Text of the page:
Rxivist combines preprints from bioRxiv with data from Twitter to help you find the papers being discussed in your field. Currently indexing 70,260 bioRxiv papers from 306,813 authors.
Accurate detection of HIV transmission clusters from phylogenetic trees using a multi-state birth-death model
HIV transmission networks are highly clustered, and accurate identification of these clusters is essential for effective targeting of public health interventions. This clustering affects the transmission dynamics of the HIV epidemic, which affects the pathogen phylogenies reconstructed from patient samples. We present a new method for identifying transmission clusters by detecting the changes in transmission rate provoked by the introduction of the epidemic into a new cluster. The method employs a multi-state birth-death (MSBD) model where each state represents a cluster. Transmission rates in each cluster decrease exponentially over time, simulating susceptible depletion in the cluster. This model is fitted to the pathogen phylogeny using a Maximum Likelihood approach. Using simulated datasets we show that the MSBD method is able to reliably infer both the cluster repartition and the transmission parameters from a pathogen phylogeny. In contrast to existing cutpoint-based methods for cluster identification, which are dependent on a parameter set by the user, the MSBD method is consistently reliable. It also performs better on phylogenies containing nested clusters. We present an application of our method to the inference of transmission clusters using sequences obtained from the Swiss HIV Cohort Study. The MSBD method is available as an R package.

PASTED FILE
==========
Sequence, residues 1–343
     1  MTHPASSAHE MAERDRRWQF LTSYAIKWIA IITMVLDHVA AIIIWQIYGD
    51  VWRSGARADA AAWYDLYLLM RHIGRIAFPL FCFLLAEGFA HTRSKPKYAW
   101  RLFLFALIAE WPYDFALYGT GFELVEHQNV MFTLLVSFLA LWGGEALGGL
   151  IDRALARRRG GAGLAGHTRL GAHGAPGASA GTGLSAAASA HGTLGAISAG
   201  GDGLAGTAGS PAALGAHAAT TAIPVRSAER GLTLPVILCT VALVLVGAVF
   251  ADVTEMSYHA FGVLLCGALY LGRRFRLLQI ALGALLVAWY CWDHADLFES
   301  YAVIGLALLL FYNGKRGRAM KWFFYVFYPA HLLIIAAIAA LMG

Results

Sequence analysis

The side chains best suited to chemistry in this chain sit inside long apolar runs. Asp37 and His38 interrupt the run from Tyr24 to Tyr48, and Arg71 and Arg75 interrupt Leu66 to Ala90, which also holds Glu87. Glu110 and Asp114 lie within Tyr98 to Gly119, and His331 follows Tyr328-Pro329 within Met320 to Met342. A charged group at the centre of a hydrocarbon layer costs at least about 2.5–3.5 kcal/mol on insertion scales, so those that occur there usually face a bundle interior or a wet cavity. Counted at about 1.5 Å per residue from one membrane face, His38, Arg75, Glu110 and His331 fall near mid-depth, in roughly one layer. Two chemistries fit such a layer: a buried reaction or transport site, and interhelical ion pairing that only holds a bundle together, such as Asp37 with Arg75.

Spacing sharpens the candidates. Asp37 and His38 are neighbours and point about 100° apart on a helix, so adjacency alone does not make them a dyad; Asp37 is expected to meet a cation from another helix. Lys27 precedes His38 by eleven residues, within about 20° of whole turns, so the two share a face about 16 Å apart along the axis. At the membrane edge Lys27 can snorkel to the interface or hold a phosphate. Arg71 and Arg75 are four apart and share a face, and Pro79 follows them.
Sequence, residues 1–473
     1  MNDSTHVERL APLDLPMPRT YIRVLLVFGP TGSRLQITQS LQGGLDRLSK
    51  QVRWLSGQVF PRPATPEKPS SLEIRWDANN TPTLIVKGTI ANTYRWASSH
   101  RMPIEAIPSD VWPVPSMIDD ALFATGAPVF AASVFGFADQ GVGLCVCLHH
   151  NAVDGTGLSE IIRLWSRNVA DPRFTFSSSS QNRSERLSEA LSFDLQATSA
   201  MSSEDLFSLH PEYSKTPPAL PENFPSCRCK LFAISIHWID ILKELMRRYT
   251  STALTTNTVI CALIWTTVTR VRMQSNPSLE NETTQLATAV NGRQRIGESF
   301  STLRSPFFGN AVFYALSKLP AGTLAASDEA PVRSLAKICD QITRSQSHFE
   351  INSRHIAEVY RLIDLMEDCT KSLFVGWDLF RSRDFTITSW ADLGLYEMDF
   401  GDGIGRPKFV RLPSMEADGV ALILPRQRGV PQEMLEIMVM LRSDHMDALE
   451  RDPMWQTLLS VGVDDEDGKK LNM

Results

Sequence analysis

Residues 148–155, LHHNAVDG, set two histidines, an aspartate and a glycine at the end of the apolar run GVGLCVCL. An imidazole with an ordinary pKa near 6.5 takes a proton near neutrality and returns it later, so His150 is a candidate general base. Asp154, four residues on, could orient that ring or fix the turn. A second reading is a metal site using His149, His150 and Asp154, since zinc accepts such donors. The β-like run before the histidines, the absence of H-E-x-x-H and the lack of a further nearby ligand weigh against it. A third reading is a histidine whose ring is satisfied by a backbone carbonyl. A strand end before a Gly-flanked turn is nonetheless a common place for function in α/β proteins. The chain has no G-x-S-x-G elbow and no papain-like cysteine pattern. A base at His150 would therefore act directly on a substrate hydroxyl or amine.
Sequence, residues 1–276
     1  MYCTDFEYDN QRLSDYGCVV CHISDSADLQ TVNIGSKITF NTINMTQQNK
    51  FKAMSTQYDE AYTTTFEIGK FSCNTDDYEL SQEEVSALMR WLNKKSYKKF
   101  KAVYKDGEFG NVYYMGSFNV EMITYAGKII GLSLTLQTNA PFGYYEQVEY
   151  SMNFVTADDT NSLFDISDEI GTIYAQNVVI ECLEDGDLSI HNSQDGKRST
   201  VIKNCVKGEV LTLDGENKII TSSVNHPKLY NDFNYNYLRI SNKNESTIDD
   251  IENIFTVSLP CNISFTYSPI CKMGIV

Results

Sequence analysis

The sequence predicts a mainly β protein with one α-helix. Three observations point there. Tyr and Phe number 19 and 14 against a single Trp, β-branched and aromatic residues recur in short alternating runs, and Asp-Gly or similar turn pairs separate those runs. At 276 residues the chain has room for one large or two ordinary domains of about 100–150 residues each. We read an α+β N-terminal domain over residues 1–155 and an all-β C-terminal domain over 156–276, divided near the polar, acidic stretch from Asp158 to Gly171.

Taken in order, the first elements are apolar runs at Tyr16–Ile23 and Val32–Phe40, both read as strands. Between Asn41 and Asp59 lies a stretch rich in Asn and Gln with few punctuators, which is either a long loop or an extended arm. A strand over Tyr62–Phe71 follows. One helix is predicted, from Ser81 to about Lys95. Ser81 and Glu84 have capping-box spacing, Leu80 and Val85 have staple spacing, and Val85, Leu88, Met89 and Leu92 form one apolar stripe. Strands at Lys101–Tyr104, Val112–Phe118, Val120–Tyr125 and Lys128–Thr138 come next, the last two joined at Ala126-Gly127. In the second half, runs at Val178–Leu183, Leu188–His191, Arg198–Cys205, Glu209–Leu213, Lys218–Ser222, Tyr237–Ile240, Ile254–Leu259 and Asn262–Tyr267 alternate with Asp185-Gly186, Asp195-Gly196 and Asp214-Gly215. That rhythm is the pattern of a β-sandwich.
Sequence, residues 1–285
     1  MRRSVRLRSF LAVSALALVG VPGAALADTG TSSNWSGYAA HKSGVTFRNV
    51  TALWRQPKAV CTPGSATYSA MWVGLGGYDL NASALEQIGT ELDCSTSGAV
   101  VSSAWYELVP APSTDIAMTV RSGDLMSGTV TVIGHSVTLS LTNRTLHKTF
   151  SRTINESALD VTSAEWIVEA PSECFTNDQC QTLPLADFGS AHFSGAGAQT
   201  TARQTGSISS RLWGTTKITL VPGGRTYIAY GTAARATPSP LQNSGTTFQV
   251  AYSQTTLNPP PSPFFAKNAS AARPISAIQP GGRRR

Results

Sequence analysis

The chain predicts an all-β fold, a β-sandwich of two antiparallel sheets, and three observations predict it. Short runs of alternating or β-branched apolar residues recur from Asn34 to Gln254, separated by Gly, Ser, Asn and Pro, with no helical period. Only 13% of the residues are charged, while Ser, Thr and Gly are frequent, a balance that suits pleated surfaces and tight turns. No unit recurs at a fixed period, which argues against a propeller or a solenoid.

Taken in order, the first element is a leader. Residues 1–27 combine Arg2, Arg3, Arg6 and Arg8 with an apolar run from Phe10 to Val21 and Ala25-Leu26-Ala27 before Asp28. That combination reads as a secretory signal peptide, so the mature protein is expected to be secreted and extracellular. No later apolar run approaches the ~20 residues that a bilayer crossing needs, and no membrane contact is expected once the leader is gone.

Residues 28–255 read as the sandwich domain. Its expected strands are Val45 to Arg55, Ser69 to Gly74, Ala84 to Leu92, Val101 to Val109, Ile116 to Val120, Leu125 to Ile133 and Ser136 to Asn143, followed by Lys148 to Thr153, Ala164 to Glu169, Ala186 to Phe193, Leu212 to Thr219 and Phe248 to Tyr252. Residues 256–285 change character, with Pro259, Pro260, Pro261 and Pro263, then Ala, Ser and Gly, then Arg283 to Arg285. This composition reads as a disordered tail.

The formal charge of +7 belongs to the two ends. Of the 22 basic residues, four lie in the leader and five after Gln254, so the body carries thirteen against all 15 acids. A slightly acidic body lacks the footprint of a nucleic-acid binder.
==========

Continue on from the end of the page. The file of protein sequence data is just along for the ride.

- Downloaded 335 times
- Download rankings, all-time:
- Site-wide: 35,040 out of 70,262
- In bioinformatics: 4,345 out of 6,888
- Year to date:
- Site-wide: 61,069 out of 70,262
- Since beginning of last month:
- Site-wide: 67,983 out of 70,262
Downloads over time
Distribution of downloads per paper, site-wide
- 18 Dec 2019: We're pleased to announce PanLingua, a new tool that enables you to search for machine-translated bioRxiv preprints using more than 100 different languages.
- 21 May 2019: PLOS Biology has published a community page about Rxivist.org and its design.
- 10 May 2019: The paper analyzing the Rxivist dataset has been published at eLife.
- 1 Mar 2019: We now have summary statistics about bioRxiv downloads and submissions.
- 8 Feb 2019: Data from Altmetric is now available on the Rxivist details page for every preprint. Look for the "donut" under the download metrics.
- 30 Jan 2019: preLights has featured the Rxivist preprint and written about our findings.
- 22 Jan 2019: Nature just published an article about Rxivist and our data.
- 13 Jan 2019: The Rxivist preprint is live!